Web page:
Thursday, December 02, 2010

December 2: Wasting Time

In case you missed yesterday's post about the Reverb 10 project that I'm doing this month, go read it quick! Because it's cool and you should do it too. Here is today's prompt from Leo Babauta, which I found entirely appropriate given that I spent last month attempting to procrastinate as much as humanly possible while still writing 50,000 words. I am skilled at the procrastination. It is my gift.

December 2 Prompt: Writing
What do you do each day that doesn't contribute to your writing -- and can you eliminate it?

I find this question to be painful and challenging and irritating, therefore probably pretty relevant to my life currently. There is so much that doesn't contribute to my writing everyday. Let me list the things that will never be eliminated first:

1. Spending time with husband, family and friends. Top priority for me, right after just enough alone time to keep my brain from turning into overstimulated mush.

2. Work. I love my job. I savor being able to pay my mortgage and bills and buy groceries, job not going anywhere.

3. Reading. After laying off the books last month (I read about one a week normally,) I felt like something was missing. When I was trying to write the novel in November I couldn't read fiction.  I kept comparing the drivel I was writing in my first draft to the beautiful book I was trying to read. Bad creative block. I missed it more than I expected.  I need to read, even if I go blind with old age, I will be procuring a vast collection of audio books in my eighties.

4. House maintenance and responsibilities. I share these with Joe but cooking, cleaning, maintaining order, grocery shopping, dog walking and fetch playing, all of these things need some attention now and then. Usually more now than then. And I rather like cleaning. I know, that makes me sound like a lame 1950's house wife. But it's straight forward and physical and you get immediate visible results. I like quick results.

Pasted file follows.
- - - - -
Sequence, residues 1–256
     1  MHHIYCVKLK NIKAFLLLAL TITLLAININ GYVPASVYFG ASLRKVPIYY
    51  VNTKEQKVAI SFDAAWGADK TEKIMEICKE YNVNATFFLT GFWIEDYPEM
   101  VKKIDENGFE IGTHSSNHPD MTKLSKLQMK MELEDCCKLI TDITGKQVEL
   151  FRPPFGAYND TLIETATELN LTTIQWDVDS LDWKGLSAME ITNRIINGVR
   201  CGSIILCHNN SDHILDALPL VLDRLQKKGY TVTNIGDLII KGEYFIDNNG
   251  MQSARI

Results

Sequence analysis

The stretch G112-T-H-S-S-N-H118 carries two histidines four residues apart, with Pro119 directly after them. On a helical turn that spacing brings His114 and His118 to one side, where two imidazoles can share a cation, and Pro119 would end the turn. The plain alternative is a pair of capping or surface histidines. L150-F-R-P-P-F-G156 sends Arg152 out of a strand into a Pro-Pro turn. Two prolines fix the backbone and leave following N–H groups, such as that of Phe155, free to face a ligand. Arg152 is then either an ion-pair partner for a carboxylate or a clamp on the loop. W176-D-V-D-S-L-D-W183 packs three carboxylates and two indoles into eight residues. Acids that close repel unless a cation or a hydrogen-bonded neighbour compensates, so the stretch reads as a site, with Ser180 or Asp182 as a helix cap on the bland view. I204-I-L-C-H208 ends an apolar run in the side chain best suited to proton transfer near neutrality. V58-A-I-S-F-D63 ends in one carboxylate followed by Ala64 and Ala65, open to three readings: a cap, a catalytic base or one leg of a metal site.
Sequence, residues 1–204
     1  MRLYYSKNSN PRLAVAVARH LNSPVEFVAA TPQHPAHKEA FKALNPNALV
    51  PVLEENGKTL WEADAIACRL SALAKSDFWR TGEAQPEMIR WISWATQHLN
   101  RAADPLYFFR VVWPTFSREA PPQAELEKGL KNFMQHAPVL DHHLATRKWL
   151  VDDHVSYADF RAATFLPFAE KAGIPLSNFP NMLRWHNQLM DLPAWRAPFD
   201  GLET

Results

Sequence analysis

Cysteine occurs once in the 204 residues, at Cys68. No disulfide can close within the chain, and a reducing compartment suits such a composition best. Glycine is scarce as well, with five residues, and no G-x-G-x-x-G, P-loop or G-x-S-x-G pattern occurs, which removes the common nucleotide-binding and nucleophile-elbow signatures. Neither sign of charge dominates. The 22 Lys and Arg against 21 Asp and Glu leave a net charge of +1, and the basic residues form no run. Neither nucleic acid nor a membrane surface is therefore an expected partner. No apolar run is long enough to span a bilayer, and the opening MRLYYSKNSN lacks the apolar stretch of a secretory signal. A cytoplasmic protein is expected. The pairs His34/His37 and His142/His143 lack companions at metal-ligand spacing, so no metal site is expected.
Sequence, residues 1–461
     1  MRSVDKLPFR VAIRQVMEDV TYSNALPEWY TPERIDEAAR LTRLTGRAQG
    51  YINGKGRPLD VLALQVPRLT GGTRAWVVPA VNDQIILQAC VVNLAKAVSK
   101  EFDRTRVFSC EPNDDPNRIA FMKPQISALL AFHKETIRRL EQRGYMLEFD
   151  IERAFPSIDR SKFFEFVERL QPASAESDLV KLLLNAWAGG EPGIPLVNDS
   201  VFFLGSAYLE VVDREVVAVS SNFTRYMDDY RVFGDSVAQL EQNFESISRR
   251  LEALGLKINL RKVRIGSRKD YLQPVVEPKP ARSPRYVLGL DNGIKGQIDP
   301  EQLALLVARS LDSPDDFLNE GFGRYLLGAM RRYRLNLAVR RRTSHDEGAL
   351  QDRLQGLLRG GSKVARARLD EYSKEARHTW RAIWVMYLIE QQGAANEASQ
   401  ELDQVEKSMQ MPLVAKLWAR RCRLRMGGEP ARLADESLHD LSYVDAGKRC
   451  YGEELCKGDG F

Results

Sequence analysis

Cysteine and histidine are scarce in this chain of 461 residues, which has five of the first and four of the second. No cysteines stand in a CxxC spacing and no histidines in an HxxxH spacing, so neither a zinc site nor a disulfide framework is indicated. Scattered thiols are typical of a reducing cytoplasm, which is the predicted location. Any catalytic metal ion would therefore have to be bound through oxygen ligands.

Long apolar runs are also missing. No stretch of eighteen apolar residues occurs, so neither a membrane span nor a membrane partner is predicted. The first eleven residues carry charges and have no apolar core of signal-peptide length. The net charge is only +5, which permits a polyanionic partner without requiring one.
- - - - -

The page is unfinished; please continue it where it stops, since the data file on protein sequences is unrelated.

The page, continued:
And here's where we delve into the things that I can cut back and readjust, even though it would be significantly easier to leave it alone and probably less painful and more fun, and ultimately sad because what writer wants to admit they watched too much TV and browsed the internet instead of, you know, actually writing. And now I've given away my two biggest time wasters before I even got that far. I'm pretty certain I'm not alone in listing these two as my biggest time sucks. The plight of the modern middle class, first world problems, too much time spent entertaining myself, I feel lame even mentioning these.

1. TV and Movies. I like some great TV shows. Current favorites include Mad Men, Boardwalk Empire, The Walking Dead, Modern Family, 30 Rock, Community. I don't think about how much TV I probably watch. Even if I'm only half watching, if we are home it's usually on in the background. The Daily Show or Conan or Dirty Jobs, and I'm half paying attention as I do the other biggest time waster.

2. The internet.  I so love and adore "the series of tubes." Predominately, I have a Facebook addiction. I thrive on comments and silly banter back and forth, often with people I haven't seen in years. I like feeling connected. I like the sense of amorphous community.  I don't want to eliminate Facebook, but I need to dial it back. Frankly, it's more interesting when you only visit once or twice a day. Or so I would imagine from the few times that I've done that. And I don't want to admit it, but with my iPhone, I visit much more often than once a day. So first step, admit I have an addiction and then the weaning process.

The other side of that is just the vast number of websites and blogs that are full of fascinating people, stories, articles, art, creative projects, recipes, and endless supply of other people's creativity. But if I want to jump start my own and maintain this pretty good creative focus I have right now, it might be time to cut back on my internet usage. I'm going to think about what's a reasonable amount of time to be spending browsing, time myself for a couple of days to see how much time I'm actually spending, and then cut that back and check in on how that feels. I think cutting back on these two would free up enough time for my creative pursuits, like writing, and maybe I'll actually get back to my regularly schedule work out routine too. We'll see.

What are your biggest time wasters? Do you have an addiction to the interweb like I do?

No comments: